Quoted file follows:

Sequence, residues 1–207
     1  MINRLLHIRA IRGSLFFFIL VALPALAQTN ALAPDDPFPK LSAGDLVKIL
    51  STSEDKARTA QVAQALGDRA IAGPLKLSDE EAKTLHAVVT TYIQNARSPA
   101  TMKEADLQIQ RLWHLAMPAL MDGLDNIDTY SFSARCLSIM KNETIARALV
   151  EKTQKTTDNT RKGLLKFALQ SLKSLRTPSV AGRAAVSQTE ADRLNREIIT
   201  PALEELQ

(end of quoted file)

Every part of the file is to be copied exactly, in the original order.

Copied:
Sequence, residues 1–207
     1  MINRLLHIRA IRGSLFFFIL VALPALAQTN ALAPDDPFPK LSAGDLVKIL
    51  STSEDKARTA QVAQALGDRA IAGPLKLSDE EAKTLHAVVT TYIQNARSPA
   101  TMKEADLQIQ RLWHLAMPAL MDGLDNIDTY SFSARCLSIM KNETIARALV
   151  EKTQKTTDNT RKGLLKFALQ SLKSLRTPSV AGRAAVSQTE ADRLNREIIT
   201  PALEELQ